Attacks on U.S. troops in Iraq and Syria have interrupted the Defense Department’s larger counter-ISIS mission in the region, according to an Inspector General report released Friday.

Combined Joint Task Force-Operation Inherent Resolve began in 2014 and consists of a global coalition of partners, including the U.S., dedicated to assisting regional security partners and aiding in the destruction of ISIS. In December 2021, the U.S. military announced the end of its combat role in Iraq and transitioned to a mission focused on training, advising, and assisting Iraqi special forces.

With continuously escalating violence in the region, including more than 150 attacks on U.S. troops since the Oct. 7, 2023 Hamas attack on Israel, the U.S. was distracted from counter-ISIS efforts, according to the IG report. 

“The combined effects of the Israel-Hamas conflict and the increased militia group attacks have resulted in a more challenging operational environment for the [Operation Inherent Resolve] campaign,” according to the IG report.

At the outset, the Pentagon sought to separate the war between Israel and Hamas from escalatory attacks on U.S. troops based in the region. But the IG report said that “militias sought to exert pressure on U.S. and Coalition forces as tension rose in the region” following Hamas’ Oct. 7 attack and Israel’s ground offensive.

Since Oct. 18, Iranian-backed militias have used a variety of one-way attack drones and rockets against U.S. and coalition forces in Iraq and Syria, including ballistic missiles that targeted an airbase in Iraq. U.S. troops have come under attack in more than 150 instances, which killed three soldiers and injured around 146 troops, a majority of whom suffered traumatic brain injuries.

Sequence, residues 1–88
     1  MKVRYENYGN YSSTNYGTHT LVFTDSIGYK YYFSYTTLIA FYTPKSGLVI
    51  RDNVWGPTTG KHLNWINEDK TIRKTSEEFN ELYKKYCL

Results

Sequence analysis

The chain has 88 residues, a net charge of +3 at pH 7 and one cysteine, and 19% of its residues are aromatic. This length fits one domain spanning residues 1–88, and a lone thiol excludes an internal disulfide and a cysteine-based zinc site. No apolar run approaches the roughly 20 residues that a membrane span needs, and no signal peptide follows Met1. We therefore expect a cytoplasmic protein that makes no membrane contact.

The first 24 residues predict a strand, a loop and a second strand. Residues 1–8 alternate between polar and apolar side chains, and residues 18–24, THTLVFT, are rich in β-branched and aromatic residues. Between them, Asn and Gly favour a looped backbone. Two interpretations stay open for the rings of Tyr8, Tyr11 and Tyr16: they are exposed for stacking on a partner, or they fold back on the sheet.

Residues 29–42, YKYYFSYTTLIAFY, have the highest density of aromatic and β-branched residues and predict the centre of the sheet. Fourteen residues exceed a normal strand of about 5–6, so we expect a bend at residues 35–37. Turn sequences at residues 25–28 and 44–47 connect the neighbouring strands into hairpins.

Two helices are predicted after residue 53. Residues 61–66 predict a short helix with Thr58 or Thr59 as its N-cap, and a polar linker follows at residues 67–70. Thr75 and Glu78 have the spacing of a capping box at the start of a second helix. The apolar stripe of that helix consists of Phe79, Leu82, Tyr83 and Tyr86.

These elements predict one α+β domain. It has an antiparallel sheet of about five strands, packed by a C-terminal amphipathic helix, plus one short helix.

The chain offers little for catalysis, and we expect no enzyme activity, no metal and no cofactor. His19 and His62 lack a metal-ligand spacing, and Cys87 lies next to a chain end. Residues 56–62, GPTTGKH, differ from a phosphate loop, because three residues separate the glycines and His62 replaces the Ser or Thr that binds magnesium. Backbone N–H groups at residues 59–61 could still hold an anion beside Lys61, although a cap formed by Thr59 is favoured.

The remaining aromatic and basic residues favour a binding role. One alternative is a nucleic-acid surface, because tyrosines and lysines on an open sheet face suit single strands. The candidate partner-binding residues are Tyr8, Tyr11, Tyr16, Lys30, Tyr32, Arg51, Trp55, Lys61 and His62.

The Defense Intelligence Agency also reported that daily attacks continued except during a brief halt that coincided with a “humanitarian pause” between Israel and Hamas in late November. Once the pause ended on Dec. 1, the groups resumed their attacks, according to DIA.

The Pentagon and White House statements have repeatedly referred to their military response as defensive in an effort to prevent wider regional escalation. However, the IG report found that the groups publicly threatened to expand their attacks to U.S. and coalition troops based in Kuwait and the UAE, according to DIA. None of the attacks were carried out.

Consequences for U.S. efforts in the region

By October, the Secretary of Defense had 2,000 U.S. troops in a “heightened state of readiness” and additional troops were given prepare-to-deploy orders. The Pentagon also sent two carrier strike groups, a Marine Expeditionary Unit, F-15 and F-16 fighter squadrons, and anti-missile batteries to the region.

The IG found that the increased attacks diverted attention and resources away from Operation Inherent Resolve and hindered momentum. Coalition officials have had to balance immediate security challenges while strengthening local partner capabilities for the long term, the IG said. 

“Changes due to the ‘new operating paradigm’ are primarily aimed at ensuring the safety and security of Coalition forces and maintaining stability in the region,” according to the report.

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Because of the attacks, U.S. military resources were diverted toward immediate threats and key leader engagements were delayed or canceled, according to the report.